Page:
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In patients in the intensive care unit (ICU) who received invasive ventilation for reasons other than acute respiratory distress syndrome (ARDS), is a ventilation strategy with low tidal volume more effective than a strategy using intermediate tidal volume with respect to the number of ventilator-free days and alive at day 28?
In this randomized clinical trial that included 961 patients in the ICU who were receiving invasive ventilation and expected to not be extubated within 24 hours of randomization, a ventilation strategy with low tidal volume did not result in a significant difference in ventilator-free days and alive at day 28 than a ventilation strategy with intermediate tidal volumes (median, 21 days vs 21 days).
Among patients in the ICU receiving invasive ventilation, a strategy with low tidal volume was not more effective than a strategy using intermediate tidal volume.
It remains uncertain whether invasive ventilation should use low tidal volumes in critically ill patients without acute respiratory distress syndrome (ARDS).
To determine whether a low tidal volume ventilation strategy is more effective than an intermediate tidal volume strategy.
Design, Setting, and Participants
A randomized clinical trial, conducted from September 1, 2014, through August 20, 2017, including patients without ARDS expected to not be extubated within 24 hours after start of ventilation from 6 intensive care units in the Netherlands.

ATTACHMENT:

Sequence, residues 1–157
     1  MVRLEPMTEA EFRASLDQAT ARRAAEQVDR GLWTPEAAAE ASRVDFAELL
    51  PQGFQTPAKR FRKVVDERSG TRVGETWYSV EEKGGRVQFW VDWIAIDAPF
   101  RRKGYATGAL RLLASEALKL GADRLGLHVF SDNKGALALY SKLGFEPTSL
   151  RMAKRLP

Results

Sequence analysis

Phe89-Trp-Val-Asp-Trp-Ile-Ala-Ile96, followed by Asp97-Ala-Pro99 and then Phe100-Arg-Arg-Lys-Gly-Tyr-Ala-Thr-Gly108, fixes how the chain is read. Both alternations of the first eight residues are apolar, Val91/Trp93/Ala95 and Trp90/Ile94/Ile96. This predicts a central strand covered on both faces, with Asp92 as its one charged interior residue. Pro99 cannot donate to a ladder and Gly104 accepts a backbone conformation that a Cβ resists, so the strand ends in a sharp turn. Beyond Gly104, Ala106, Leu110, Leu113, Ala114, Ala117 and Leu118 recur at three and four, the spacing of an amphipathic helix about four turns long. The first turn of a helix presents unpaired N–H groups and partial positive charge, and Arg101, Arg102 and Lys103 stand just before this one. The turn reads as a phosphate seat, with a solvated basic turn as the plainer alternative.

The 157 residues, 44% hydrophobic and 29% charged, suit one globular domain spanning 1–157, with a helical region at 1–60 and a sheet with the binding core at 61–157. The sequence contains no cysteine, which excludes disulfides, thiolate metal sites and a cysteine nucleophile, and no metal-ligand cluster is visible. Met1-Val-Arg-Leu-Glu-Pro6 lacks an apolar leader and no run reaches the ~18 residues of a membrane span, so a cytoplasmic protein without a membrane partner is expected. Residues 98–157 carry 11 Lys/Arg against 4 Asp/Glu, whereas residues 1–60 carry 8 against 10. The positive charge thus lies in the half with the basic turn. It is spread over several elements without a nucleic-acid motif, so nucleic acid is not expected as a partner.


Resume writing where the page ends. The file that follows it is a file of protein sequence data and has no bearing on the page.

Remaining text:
Invasive ventilation using low tidal volumes (n = 477) or intermediate tidal volumes (n = 484).
Main Outcomes and Measures
The primary outcome was the number of ventilator-free days and alive at day 28. Secondary outcomes included length of ICU and hospital stay; ICU, hospital, and 28- and 90-day mortality; and development of ARDS, pneumonia, severe atelectasis, or pneumothorax.
In total, 961 patients (65% male), with a median age of 68 years (interquartile range [IQR], 59-76), were enrolled. At day 28, 475 patients in the low tidal volume group had a median of 21 ventilator-free days (IQR, 0-26), and 480 patients in the intermediate tidal volume group had a median of 21 ventilator-free days (IQR, 0-26) (mean difference, –0.27 [95% CI, –1.74 to 1.19]; P = .71). There was no significant difference in ICU (median, 6 vs 6 days; 0.39 [–1.09 to 1.89]; P = .58) and hospital (median, 14 vs 15 days; –0.60 [–3.52 to 2.31]; P = .68) length of stay or 28-day (34.9% vs 32.1%; hazard ratio [HR], 1.12 [0.90 to 1.40]; P = .30) and 90-day (39.1% vs 37.8%; HR, 1.07 [0.87 to 1.31]; P = .54) mortality. There was no significant difference in the percentage of patients developing the following adverse events: ARDS (3.8% vs 5.0%; risk ratio [RR], 0.86 [0.59 to 1.24]; P = .38), pneumonia (4.2% vs 3.7%; RR, 1.07 [0.78 to 1.47]; P = .67), severe atelectasis (11.4% vs 11.2%; RR, 1.00 [0.81 to 1.23]; P = .94), and pneumothorax (1.8% vs 1.3%; RR, 1.16 [0.73 to 1.84]; P = .55).